AstroNotes 2020 June Vol: 59 issue 06

Editor’s Message . Letters to the Editor . President’s Report . Ottawa Skies . Understanding Astronomical Filters . Ottawa Rewind – A Review . Submitted Images . Monthly Challenge Objects . Estelle’s Pick of the Month . Announcements . Carp Star Parties . FLO Star Parties . Next Meeting . Centre Information



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 Volume 59 – No. 6 – June 2020

Editor’s Message

Are we nearing the end of the COVID-19 lock downs? The Province is beginning to lift the restrictions on public gatherings and the number of new cases does seem to be shrinking. I sincerely hope that none of you have been affected any more than the inconveniences of staying home, social distancing, and the current reality of visiting a grocery store. I must say that our meeting organizers have been doing an amazing job of producing our virtual meetings these past three months, but I still look forward to a return to our in-person meetings. I miss the social aspect of them very much.

This month, as promised, we have Part II of Jim Thompson’s article on Astronomical Filters. I have not even tried to convert it to a text-based article but have chosen to use Jim’s Power Point slides instead since they present the information base. Part III was presented at this month’s meeting and is now available online.

We have a few words from our President this month and Assistant Editor Doug Fleming has provided us with a book review. We even have a letter to the Editor!

On June 20th we have a member’s star party scheduled at the FLO. As usual, I will make the GO/NO GO call about noon on Saturday. Once again, I will ask those interested in attending to “Reply All” to the GO/NO GO email so we can have an idea of how many will be attending. Due to Provincial regulations we still need to limit the number of people attending to 10{ish ;-)}. For those of you who have been longing to use the 18” scope, it will be available on Saturday night, weather permitting.

Stay safe,


Letters to the Editor

Hi, Gordon.

The article about Joe Dafoe brought back memories of my early years as a member of the Ottawa Centre of the RASC. I joined in the early 1970s so I did not know Joe, but I was an occasional member of the Meteor Observing Team. I remember Quiet Site very well and the long and enjoyable nights lying in the "coffins" chatting in between meteor sightings.

The article does not mention how the demise of the Quiet Site began. When the observatory was re-located from its original site 40 km south of Ottawa to its current site members found that site better due to darker skies and the fact that it had an observatory. It became even faster traveling to the observatory when the Queensway (417) extension was completed. Some meteor observing was done at the observatory using folding lounge lawn chairs. However, it just was not the same experience as being in the Quite Site "coffins" which I think had a heater in the center.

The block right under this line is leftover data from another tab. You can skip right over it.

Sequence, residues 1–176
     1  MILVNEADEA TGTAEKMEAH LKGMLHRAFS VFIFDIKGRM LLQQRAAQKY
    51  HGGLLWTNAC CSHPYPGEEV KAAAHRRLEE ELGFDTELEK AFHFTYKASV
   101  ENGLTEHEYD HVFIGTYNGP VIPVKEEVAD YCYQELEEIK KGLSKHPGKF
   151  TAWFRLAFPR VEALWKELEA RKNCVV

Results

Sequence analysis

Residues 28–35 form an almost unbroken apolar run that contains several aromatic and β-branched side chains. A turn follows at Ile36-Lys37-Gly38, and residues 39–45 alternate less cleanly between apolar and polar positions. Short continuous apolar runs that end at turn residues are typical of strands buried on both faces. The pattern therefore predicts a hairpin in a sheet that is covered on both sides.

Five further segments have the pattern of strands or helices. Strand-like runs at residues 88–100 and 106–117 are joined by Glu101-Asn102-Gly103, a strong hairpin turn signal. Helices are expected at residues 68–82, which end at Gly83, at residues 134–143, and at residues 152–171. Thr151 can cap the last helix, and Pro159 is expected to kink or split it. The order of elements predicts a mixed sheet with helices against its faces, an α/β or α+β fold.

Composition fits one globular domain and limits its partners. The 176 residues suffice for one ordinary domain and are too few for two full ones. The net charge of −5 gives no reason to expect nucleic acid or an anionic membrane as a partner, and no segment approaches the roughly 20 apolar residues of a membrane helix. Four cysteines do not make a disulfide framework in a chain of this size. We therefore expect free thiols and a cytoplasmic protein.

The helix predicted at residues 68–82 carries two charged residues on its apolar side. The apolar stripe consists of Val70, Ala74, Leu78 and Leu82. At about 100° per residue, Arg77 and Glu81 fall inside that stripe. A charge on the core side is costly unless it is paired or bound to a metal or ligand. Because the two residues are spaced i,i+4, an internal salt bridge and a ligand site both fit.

The caption for the photo of the site on page 13 is in the third paragraph on page 14. The caption should probably be below the photo.

By the way, who is the author of this article? A by-line does not appear at the beginning of the article.

Another enjoyable AstroNotes. Well done.

Brian Burke

Ed. Hi Brian,


Thank you for your comments. I didn't pick up on the shift in the caption as I was arranging the article and lay out of the issue. I also missed the byline for Rob Dick, but I did mention it in my Editorial.

President’s Report

Hello Everyone,

I hope you are enjoying the warmer temperatures and doing some stargazing. The pandemic has certainly limited our outreach program, but it hasn’t stopped our ability to enjoy the night sky privately or even with friends when physical distancing measures are respected.

One positive outcome of the pandemic - if there could possibly be one - is that I see more collaboration with other RASC Centres. Consider the number of presentations that are shared via Zoom from other Centres. Every week there is an announcement of a special guest speaker. Many of the talks are very interesting, with engaging speakers. I’m sure you will agree that our Centre’s contribution, organized by Ottawa Centre Meeting Chair Dave Chisholm, is certainly worthy of praise.

Recently the Vancouver Centre hosted the annual General Assembly (GA). This was the first-ever online ‘virtual’ RASC GA. It included wonderful presentations from several energetic speakers including Joshua Kutryk, a CSA astronaut; Joshua Sara Seager, a prominent MIT exo-planet researcher at MIT; and Bob McDonald, the host of CBC Radio’s Quirks and Quarks. If you missed the GA, I encourage you to watch them on YouTube – search for “RASC GA 2020” within YouTube to find them. I’m confident you will enjoy them and learn something as well.